Qualification status of relevant equipment and utilities
Are utility systems such as HVAC, water or compressed gases still working appropriately? Have ongoing testing or monitoring results been reviewed for trends or failures? What investigations were carried out and were any corrective actions effective? Have any changes been made to these systems, and was requalification carried out?
Are there Technical Agreements with all suppliers and contractors, and are they up to date? Do they adequately reflect the activities and responsibilities of each party, and meet the requirements of the GMP guidelines?
Unlike the FDA Annual Product Review, there is no defined format for the completed report. The company is able to choose the format that is most appropriate for the product and the quality system.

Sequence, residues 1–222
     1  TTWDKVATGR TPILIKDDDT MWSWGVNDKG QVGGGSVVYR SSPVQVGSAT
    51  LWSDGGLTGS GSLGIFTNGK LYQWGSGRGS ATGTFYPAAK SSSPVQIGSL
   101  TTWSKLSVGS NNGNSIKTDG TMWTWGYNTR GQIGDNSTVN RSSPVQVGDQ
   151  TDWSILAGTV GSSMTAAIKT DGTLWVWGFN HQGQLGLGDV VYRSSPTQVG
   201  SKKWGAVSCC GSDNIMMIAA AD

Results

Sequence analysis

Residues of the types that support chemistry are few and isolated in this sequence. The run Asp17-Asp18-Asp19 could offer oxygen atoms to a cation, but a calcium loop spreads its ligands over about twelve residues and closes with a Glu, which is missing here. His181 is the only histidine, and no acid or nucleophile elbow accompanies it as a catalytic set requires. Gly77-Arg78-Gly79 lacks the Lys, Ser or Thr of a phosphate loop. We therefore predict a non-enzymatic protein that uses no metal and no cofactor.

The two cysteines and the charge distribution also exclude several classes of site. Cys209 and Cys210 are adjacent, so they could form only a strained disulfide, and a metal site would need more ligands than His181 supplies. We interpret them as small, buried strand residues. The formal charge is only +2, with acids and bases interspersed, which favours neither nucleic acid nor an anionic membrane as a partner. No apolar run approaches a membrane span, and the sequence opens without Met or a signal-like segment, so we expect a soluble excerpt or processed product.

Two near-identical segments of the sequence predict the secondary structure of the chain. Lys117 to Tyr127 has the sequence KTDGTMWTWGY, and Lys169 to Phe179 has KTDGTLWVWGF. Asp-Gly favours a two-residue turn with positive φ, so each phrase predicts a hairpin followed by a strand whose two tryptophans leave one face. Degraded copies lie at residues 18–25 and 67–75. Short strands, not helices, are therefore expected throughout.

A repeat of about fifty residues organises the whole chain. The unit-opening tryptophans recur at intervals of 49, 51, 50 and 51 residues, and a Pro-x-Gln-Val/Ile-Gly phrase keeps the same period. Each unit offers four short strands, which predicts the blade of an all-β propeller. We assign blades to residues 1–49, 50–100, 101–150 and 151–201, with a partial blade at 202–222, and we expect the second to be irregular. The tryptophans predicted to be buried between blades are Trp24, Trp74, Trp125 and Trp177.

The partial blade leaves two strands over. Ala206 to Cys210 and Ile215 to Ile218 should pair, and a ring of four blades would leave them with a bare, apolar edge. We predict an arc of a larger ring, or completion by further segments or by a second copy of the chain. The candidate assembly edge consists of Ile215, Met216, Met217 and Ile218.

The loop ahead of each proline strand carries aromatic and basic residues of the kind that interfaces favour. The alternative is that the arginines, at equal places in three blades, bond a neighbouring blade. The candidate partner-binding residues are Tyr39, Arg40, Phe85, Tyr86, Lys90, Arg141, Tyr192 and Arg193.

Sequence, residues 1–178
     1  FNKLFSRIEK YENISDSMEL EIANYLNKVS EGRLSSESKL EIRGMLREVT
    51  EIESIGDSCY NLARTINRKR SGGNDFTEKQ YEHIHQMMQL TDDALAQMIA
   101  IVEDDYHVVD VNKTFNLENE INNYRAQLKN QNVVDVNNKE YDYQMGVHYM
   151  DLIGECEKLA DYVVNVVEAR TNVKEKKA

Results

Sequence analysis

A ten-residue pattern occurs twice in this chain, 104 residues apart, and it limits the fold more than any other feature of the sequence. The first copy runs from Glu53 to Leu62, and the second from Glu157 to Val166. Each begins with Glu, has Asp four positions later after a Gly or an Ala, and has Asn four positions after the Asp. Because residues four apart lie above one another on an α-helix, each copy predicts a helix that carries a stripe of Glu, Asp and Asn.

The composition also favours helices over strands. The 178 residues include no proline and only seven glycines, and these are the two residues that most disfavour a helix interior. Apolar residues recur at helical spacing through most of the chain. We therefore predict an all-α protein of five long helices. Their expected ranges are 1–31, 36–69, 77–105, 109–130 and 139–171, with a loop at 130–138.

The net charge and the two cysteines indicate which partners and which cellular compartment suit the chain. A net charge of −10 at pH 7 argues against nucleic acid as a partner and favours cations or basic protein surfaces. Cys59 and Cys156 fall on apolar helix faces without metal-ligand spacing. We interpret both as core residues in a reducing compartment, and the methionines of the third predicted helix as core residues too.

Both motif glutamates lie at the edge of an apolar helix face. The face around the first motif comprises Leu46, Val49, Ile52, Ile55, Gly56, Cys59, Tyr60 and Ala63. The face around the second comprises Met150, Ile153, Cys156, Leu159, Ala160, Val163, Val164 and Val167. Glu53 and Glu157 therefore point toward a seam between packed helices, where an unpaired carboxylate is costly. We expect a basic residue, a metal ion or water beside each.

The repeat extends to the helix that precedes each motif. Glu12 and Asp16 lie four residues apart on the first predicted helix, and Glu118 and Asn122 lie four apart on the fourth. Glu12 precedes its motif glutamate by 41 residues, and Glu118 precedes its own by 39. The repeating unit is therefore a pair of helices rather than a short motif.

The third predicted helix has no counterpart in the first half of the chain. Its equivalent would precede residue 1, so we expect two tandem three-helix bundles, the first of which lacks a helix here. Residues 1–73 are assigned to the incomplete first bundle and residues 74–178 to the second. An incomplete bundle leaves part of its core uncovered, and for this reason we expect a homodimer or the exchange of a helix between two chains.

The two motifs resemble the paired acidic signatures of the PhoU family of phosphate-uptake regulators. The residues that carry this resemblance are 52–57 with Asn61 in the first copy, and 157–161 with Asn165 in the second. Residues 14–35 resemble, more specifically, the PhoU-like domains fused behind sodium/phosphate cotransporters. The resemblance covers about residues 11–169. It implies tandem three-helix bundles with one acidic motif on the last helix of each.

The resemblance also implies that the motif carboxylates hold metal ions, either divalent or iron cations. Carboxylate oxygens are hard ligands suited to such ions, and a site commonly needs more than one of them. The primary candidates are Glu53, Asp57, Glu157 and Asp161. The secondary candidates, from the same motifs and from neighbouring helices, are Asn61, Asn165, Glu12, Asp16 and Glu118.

Companies will need to establish where the information is currently held, and set up procedures and agreements to obtain it. While the final document must be assessed and signed off by the Qualified Person and the Marketing Authorisation holder, it would be acceptable to outsource the assembly and review of the raw data to an expert consultant.
Medicines Inspectors will be expecting to see the first Product Quality Review Reports, for a minimum review period of at least six months, during their inspections in 2006. Subsequent reports should cover the full twelve months review period.
It will require a significant resource to assemble, collate and review all of these data, but the cost savings from reduced batch failures and improved regulatory compliance should outweigh the cost of producing these reviews.